The College Blueprint Buzz

College Tours 101

If you are reading this, you and your parents have probably already made the decision that you are going to college, and you have a list of colleges or universities you are considering. Websites, counselors, family friends, and relatives are all valuable resources when it comes to fine-tuning your ideas on what type of college you are looking for, and it is the best time to determine if a college or university is going to be a good fit for you. If you spend time preparing for your visits, you will have a much more meaningful and productive visit. Once you have come up with a list of colleges you are seriously considering, it is time to schedule your campus visits.

Why Visit A College?
Your college education is a BIG investment, so invest wisely! A good investment requires a lot of research. Visiting a campus offers insight into whether the school and the educational experience is the right fit for you. It will shed light on the type of learning environment offered, the kind of students who attend, the setting, the amenities, the facilities, etc. It can also eliminate some colleges from consideration (Think of how much $ and time you could potentially save!) and can move others to the top of your list. It gives you the chance to be a "pretend college student" for the hour/day/weekend!

When To Start Visiting Colleges
The sooner you start, the better. Elementary school might be a little early; however, if your family is taking a vacation, stop and visit the nearby colleges or universities. Go to the campus and get something to eat, check out the bookstore, or walk around campus. If you think this could be your "dream school", stop at the Admissions Office and pick up some material.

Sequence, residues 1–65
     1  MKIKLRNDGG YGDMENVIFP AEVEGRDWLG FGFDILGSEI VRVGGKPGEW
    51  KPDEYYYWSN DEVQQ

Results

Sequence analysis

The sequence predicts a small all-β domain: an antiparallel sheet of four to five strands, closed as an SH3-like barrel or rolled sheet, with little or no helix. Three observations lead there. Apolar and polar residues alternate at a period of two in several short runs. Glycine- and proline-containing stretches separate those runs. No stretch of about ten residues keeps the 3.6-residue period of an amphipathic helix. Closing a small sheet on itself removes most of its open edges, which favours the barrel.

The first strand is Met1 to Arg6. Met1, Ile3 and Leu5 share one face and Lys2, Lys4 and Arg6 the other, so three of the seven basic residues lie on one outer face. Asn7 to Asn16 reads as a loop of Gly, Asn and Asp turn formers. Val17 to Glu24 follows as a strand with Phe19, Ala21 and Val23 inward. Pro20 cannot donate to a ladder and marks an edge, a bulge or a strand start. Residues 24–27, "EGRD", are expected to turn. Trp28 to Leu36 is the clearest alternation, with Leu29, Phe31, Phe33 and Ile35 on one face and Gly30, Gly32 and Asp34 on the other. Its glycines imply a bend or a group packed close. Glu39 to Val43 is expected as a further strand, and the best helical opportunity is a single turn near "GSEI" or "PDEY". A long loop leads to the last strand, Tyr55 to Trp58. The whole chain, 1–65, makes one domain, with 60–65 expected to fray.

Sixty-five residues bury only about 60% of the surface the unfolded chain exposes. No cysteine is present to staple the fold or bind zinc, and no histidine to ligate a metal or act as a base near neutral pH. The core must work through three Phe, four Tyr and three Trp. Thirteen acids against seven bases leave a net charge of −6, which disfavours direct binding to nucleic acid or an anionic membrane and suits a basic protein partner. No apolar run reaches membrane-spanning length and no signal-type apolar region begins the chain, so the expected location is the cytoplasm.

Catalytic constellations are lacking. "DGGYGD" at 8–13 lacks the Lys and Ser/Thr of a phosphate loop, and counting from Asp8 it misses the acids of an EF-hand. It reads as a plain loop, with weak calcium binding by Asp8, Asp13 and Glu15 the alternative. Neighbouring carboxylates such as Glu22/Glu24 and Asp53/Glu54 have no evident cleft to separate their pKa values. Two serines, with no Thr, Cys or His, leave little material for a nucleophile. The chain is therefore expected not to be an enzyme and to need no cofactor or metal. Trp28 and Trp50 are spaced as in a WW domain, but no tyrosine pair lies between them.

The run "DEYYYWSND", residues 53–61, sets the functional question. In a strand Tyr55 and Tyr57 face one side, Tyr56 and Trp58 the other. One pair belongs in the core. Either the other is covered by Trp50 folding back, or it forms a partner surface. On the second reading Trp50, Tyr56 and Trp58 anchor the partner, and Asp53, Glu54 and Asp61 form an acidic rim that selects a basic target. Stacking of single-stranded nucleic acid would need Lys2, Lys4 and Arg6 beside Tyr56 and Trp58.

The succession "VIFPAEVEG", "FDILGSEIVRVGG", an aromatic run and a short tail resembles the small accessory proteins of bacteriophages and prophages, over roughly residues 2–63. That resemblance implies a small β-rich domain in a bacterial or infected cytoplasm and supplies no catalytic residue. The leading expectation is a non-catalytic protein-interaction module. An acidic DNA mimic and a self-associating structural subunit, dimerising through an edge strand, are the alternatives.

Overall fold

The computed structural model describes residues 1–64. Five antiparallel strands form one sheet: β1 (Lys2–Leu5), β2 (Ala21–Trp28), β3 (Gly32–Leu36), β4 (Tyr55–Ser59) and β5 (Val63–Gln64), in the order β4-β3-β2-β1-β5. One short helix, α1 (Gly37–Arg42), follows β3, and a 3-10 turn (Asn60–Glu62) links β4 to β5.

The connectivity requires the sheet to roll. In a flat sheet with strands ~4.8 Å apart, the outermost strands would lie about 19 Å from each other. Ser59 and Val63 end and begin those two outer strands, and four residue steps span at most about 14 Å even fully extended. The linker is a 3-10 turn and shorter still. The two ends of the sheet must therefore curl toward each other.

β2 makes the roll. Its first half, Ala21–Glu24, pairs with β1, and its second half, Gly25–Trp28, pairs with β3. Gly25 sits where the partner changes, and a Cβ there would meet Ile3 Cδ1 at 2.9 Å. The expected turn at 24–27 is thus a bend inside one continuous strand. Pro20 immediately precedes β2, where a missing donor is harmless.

First Steps
Once you have a preliminary list of schools you want to visit and know the dates you have available, you are ready to register for a Tour and Information Session. The registration process can typically be found on the Admission page of the college's website, and the majority of colleges allow you to make a reservation online. If you are unable to locate the link, call the Admission Office.

Before scheduling, be sure to know the date, the time of day you wish to visit, and the number in your party. Most colleges will provide a list of hotels in the area and public transportation information on their Admission web pages for those families who require accommodations. Typically, Admissions Offices offer tours one or two times per day nearly every day of the year, except for major holidays. If at all possible, visit the campus while school is in session. This will provide you with a much better idea of the school's environment and student culture.

Get Prepared Before You Visit
A college education is a major investment in money and time, and it is a decision that will be a part of your life forever. So take your time to prepare. Remember, you are the customer! Do not question if "they" will like you like them? Open this notebook to the worksheets in the back and start a worksheet for each college. Add the information at the top of the "College Visit Itinerary." You will be adding to these pages over the next several months. As you gain more and more information, these worksheets will become valuable repositories of data and information

• Do your homework. Read about the college in the mega-manuals (you know, like The Fiske Guide or the Princeton Review Book), visit the school's website, and check out the courses for your potential majors.

• Develop questions you want answered. (We will offer some suggestions later).

• Identify the dates you are planning to visit. Before you make hotel or flight reservations, go to the Admissions webpage and make sure the school will be in session (so you can see the campus when students are there) and that Information Sessions and Tours will be offered on the dates you are planning to go.